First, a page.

Understanding the Brain

Autistic Pride Day

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Autistic Pride Day is a celebration of the neurodiversity of people on the autism spectrum on June 18 each year.[1] Autistic pride is pride in autism, about shifting views of autism from "disease" to "difference". Autistic pride emphasises the innate potential in all human phenotypic expressions and celebrates the diversity various neurological types express.

According to the London Times of December 31, 2005, "Just as society learned to accept homosexuality, organisations such as the Autism Assembly and Aspies for Freedom say it should accept “neurodiversity” as something to celebrate rather than cure. In June, the organisations launched the first annual Autistic Pride Day, with events around the world, to persuade the rest of us — the “neuro-typicals” — that autistic people are “unique individuals” who should not be seen as cases for treatment."[1]

Autistic pride asserts that autistic people are not sick; rather, they have a unique set of characteristics that provide them many rewards and challenges, not unlike their non-autistic peers.[2][3] Researchers and people with high-functioning autism have contributed to a shift in attitudes away from the notion that autism is a deviation from the norm that must be treated or cured, and towards the view that autism is a difference rather than a disability.[4] New Scientist magazine released an article entitled "Autistic and proud" on the first Autistic Pride Day that discussed the idea.[5]

Autistic Pride Day is an Aspies for Freedom initiative,[1] an autism rights group that aims to educate the general public with initiatives to end ignorance of the issues involving the autistic community.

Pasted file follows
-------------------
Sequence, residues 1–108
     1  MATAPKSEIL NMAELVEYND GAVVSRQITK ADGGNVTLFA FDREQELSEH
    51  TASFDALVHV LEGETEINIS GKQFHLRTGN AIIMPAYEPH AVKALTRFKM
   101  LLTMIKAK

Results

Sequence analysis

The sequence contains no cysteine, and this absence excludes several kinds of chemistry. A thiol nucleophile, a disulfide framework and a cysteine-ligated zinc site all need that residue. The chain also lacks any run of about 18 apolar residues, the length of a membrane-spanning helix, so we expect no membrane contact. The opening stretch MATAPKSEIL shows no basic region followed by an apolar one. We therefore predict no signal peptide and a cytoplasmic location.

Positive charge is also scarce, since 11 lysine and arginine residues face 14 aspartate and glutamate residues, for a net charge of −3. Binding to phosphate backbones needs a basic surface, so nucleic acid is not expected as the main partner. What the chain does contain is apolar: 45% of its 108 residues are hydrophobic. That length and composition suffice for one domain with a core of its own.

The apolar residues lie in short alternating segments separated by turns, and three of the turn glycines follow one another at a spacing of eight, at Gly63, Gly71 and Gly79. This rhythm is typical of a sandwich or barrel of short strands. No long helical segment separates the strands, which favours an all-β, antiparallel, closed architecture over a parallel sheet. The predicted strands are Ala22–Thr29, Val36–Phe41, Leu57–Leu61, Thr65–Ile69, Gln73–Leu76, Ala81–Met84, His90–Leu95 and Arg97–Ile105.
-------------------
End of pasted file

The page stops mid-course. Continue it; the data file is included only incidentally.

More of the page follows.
Themes

The main event of 2005 was in Brasília, capital of Brazil. The main events of 2006 were an Autistic Pride Summer Camp in Germany, and an event at the Scienceworks Museum in Melbourne, Australia.

  • 2005 Acceptance not cure
  • 2006 Celebrate Neurodiversity
  • 2007 Autistics Speak. It's time to listen
  • 2008 Not known
  • 2009 Not known
  • 2010 Perspectives, not fear
  • 2011 Recognize, Respect, Include

See also

Footnotes

  1. 1.0 1.1 1.2 "What's in store: Autistic Licence". London: Times Online. December 31, 2005. http://www.timesonline.co.uk/article/0,,589-1960650,00.html. Retrieved 2007-11-24. 
  2. Saner E (2007-08-07). "'It is not a disease, it is a way of life'". The Guardian (London). http://society.guardian.co.uk/health/story/0,,2143123,00.html. Retrieved 2007-08-07. 
  3. Shapiro, Joseph (June 26, 2006). "Autism Movement Seeks Acceptance, Not Cures". NPR. http://www.npr.org/templates/story/story.php?storyId=5488463. Retrieved 2007-11-23. 
  4. Baron-Cohen S (2000). "Is Asperger syndrome/high-functioning autism necessarily a disability?". Dev Psychopathol 12 (3): 489–500. doi:10.1017/S0954579400003126. PMID 11014749. 
  5. Trivedi, Bijal (18 June 2005). "Autistic and proud of it". New Scientist. http://www.newscientist.com/article/mg18625041.500-autistic-and-proud-of-it.html. Retrieved 2007-11-24. 

External links